The Wisconsin Court of Appeals on May 24 unanimously reversed a 2016 circuit court decision in the case of Enbridge v. Dane County.
Circuit Judge Peter C. Anderson had overturned the requirement in Dane County’s conditional use permit that Enbridge purchase cleanup insurance before tripling the volume of dangerous tar sands oil flowing through Line 61, which runs near Marshall.
Attorney Patricia Hammel, who led 350 Madison’s legal team together with attorney Thomas Burney, credited the court with taking landowners’ concerns seriously, saying, “Our clients look forward to having insurance protection against a devastating tar sands spill and proof that Enbridge continues to have such insurance in force. We must protect people living by pipelines until we can stop relying on fossil fuels.”
Enbridge is a $130 billion foreign pipeline company, headquartered in Canada, that is seeking to massively expand pipeline capacity to ship tar sands oil from Alberta through the Midwest, just as TransCanada is seeking to go through the Great Plains with its Keystone XL pipeline.
Tar sands oil is an especially dangerous type of oil for a number of reasons, according to 350 Madison’s Tar Sands leader Mary Beth Elliott.
First, it is abrasive and corrosive and thus more likely to cause leaks in a pipeline.
Second, when it does leak, it is much more hazardous and essentially impossible to clean up because it sinks instead of floats in water.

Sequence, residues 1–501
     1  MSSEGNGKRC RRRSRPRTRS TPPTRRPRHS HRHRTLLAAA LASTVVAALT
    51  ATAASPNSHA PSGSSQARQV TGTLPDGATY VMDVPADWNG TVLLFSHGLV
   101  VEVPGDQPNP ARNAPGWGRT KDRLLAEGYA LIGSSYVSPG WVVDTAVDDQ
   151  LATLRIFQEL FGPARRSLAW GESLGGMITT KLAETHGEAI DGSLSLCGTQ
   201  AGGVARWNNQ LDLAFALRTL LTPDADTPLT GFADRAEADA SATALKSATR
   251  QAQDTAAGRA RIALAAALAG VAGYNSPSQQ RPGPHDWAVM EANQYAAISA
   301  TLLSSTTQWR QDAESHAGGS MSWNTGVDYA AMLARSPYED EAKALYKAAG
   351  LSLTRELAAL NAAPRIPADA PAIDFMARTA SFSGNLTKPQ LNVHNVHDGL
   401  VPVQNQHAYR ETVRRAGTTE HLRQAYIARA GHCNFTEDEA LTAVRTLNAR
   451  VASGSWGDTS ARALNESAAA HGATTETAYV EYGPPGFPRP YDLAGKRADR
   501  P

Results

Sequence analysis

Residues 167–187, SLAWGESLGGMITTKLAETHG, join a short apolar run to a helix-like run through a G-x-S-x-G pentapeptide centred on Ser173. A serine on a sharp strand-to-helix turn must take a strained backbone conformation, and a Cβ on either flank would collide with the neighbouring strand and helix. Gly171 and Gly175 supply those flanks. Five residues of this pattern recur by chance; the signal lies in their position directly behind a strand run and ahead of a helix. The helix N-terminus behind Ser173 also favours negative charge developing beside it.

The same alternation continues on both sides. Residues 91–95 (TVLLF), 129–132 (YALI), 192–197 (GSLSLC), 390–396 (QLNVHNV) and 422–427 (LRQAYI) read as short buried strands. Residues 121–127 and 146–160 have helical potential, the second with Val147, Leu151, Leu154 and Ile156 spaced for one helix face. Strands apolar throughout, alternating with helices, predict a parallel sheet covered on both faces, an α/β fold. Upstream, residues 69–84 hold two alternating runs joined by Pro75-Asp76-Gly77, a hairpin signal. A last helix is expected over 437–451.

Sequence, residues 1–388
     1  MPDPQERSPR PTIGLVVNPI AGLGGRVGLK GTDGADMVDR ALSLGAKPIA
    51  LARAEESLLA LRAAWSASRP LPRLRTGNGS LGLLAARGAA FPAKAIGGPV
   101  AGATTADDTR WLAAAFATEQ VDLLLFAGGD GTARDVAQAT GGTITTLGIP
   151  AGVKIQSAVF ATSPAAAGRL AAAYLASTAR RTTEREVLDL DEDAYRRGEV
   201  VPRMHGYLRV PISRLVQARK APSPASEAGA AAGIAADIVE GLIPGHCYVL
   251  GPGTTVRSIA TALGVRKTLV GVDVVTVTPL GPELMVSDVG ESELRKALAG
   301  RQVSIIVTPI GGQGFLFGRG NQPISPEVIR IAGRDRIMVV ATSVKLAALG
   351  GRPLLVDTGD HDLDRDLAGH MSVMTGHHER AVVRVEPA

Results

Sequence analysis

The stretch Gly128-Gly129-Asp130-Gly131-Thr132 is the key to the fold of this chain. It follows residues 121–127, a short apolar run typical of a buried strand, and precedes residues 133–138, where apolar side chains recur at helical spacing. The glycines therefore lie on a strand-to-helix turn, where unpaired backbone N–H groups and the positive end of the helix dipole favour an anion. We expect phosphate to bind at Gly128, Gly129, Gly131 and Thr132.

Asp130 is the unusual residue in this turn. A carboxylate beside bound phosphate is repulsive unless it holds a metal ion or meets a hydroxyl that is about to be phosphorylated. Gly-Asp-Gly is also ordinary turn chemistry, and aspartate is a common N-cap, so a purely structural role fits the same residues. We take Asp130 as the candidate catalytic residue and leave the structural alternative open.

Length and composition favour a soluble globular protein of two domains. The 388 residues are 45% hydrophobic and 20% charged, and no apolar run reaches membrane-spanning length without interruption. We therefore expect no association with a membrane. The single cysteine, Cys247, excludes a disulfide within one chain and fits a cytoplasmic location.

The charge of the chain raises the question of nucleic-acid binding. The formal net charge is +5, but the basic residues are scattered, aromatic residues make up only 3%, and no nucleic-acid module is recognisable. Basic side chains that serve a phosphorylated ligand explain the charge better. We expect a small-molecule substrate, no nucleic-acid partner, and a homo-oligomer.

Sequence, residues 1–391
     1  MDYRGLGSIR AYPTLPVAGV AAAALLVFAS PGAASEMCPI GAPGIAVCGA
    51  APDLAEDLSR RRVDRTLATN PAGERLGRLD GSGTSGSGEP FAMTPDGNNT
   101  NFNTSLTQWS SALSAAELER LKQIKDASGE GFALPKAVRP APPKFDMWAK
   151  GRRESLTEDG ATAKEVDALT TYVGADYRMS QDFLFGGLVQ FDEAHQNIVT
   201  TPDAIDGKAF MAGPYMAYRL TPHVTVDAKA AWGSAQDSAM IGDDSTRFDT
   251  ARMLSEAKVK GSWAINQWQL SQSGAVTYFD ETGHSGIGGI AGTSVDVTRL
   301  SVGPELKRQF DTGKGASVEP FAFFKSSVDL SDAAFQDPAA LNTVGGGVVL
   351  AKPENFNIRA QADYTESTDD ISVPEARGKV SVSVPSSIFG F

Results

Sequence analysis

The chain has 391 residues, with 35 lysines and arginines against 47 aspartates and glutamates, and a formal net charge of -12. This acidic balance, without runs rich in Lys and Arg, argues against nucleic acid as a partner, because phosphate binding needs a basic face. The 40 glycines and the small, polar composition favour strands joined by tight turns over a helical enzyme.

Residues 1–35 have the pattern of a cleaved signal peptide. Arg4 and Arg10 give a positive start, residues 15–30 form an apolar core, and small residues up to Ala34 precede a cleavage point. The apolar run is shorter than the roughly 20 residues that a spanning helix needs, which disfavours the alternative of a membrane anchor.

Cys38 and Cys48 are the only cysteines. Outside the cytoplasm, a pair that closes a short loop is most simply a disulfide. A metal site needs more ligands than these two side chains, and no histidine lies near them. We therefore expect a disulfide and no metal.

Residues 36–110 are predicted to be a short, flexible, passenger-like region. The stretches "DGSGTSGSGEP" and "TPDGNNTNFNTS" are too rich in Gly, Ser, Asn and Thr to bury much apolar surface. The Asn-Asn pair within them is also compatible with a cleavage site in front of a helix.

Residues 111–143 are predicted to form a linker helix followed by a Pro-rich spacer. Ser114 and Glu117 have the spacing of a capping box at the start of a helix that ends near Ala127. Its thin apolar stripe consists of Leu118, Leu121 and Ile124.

Third, because of its tar-like consistency, its extraction releases three times more greenhouse gas emissions than conventional crude oil.
But added to these dangers, Elliott said, is Enbridge’s terrible safety record: The company was responsible for more than 800 spills between 1999 and 2010, including the largest inland oil pipeline spill in U.S. history — the 2010 Kalamazoo River disaster, which cost $1.2 billion to only partially clean up.
350 Madison spokesperson Peter N. Anderson (no relation to the circuit court judge) applauded the decision as a vindication of the group’s four-year campaign to protect the citizens of Wisconsin from liability for cleanup costs in the event of an Enbridge spill.
It was 350 Madison that first pointed out that Enbridge needed to get a conditional use permit and that cleanup insurance should be a key condition.
Anderson said citizens of Dane County owe a huge debt to the members of the Dane County Zoning and Land Regulation Committee — including former and current Chairs Patrick Miles and Mary Kolar — who understood the importance of requiring cleanup insurance to protect the county and committed the resources to getting it done.
According to Anderson, the county resisted Enbridge’s pressure to take its word for it that the general liability policy it carried provided adequate protection. The committee understood the grossly inadequate nature of such policies and demanded a specific policy intended for environmental cleanups, called environmental impairment liability insurance.
The Appeals Court decision sends the case back to the zoning committee for further proceedings.
On remand, the committee is to determine whether Enbridge can make a showing that the insurance it carries meets the specific conditions created by an eleventh-hour anonymous amendment to the 2015 State Budget — an amendment Enbridge claims it had nothing to with, even though it exclusively benefits the company. If Enbridge’s insurance meets those conditions, the amendment would void the insurance requirement, but the court’s recitation of the facts makes clear that there is little chance that it does.
The decision is, in Anderson’s words, “a stunning victory for citizen activism, for an outstanding legal team, and a courageous county board.”